Sunday, June 20, 2004

TV: Slasher

It was something of a shock to realize that John Landis, one of the most successful directors of the 1980s, hasn’t had a film in theatrical release since BLUES BROTHERS 2000 six years ago. His follow-up, the dark comedy SUSAN’S PLAN, drifted in limbo before debuting on cable. His last good movie was 1992’s vampire-vs.-wiseguys guilty pleasure INNOCENT BLOOD. OK, so I thought it was good. Any movie that features Anne Parillaud in a frequent state of undress and Don Rickles as a Mob lawyer-turned-bloodsucker will likely win favor in this corner, just so you know.

Landis is back behind the camera for this IFC original documentary, and the change of pace suits him. It helps that he has an engaging subject. Michael Bennett is the slasher of the title, a used car salesman who jets into troubled dealerships with his own personal DJ to conduct massive, carnival-like sales meant to move inventory in a hurry. The film follows Bennett as he takes over a Memphis car lot for a three-day extravaganza in which he has promised to unload 40 cars, the same number the regular staff sold the previous month.

The Nick Nolte-voiced Bennett was born to star in a movie. He hangs out in strip clubs but can’t stop talking about his wife, and even though he’s never more than six inches away from a beer at all times he runs a tight ship. Bennett and his team prove to be efficient salesmen, able to offer one potential buyer life insurance when she admits that concern over her husband’s health is the main obstacle to her buying a truck.

Landis’ affection for Bennett and his disreputable crew is evident in every frame. The director is also able to convey a sense of Memphis solely through music (which he has always used well) and his interviews with customers who come out to the lot, many intent on finding the $88 car that is the centerpiece of every Bennett spectacular. Finding out which lucky buyer will stumble onto that chosen vehicle – and then seeing if even $88 was too much to pay for it – is one of the treats of this loose but energetic movie.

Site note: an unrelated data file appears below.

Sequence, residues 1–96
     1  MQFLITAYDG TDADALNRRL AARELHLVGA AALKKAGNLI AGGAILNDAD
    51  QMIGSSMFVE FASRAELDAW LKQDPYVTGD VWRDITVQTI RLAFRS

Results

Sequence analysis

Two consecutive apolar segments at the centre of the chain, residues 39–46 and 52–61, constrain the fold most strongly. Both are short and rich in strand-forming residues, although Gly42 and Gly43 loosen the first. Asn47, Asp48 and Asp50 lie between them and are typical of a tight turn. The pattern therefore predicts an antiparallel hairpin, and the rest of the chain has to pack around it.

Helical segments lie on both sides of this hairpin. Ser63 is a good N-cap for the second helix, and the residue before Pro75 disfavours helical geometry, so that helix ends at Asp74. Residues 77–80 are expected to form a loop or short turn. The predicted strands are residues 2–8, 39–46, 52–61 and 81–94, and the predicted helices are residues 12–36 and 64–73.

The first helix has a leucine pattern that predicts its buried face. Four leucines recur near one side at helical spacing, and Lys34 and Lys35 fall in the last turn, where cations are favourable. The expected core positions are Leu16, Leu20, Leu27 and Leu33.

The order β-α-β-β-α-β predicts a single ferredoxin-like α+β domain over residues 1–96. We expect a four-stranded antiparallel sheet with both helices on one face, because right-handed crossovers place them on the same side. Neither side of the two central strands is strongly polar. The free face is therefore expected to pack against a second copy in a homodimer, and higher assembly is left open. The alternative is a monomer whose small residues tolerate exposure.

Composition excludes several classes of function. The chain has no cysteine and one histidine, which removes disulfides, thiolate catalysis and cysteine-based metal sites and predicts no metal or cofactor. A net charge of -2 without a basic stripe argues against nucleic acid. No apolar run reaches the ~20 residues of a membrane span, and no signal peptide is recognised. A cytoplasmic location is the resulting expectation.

Book: Havana World Series, by Jose Latour (2004)

In 1958, a team of criminals bankrolled by New York mob boss Joe Bonnano sets out to rob the Casino de Capri, glittering jewel of Havana nightlife and home base for gangster Meyer Lansky. Latour’s book works better as a travelogue than a crime drama – the heist itself is fairly routine, the ending anticlimactic – but with details this rich and an atmosphere this intoxicating, that’s not much of a problem.

Music: Britney Spears

The New York Times article on the cancellation of Britney’s Onyx Hotel tour contains several sentences worthy of analysis. Such as:

“... while many other singers could probably retool a show with no dancing and maybe a tall stool and spotlight for the main attraction, Ms. Spears did not have that option.”

Or noting that the entertainment director of Summerfest in Milwaukee “managed to sign up the Steve Miller Band and the Bodeans as a last-minute replacement.” Thus qualifying as the funniest use of the word managed in some time.

Miscellaneous: Link

The Sunday New York Times has a terrific article by Jesse McKinley on how young American playwrights are being workshopped to death.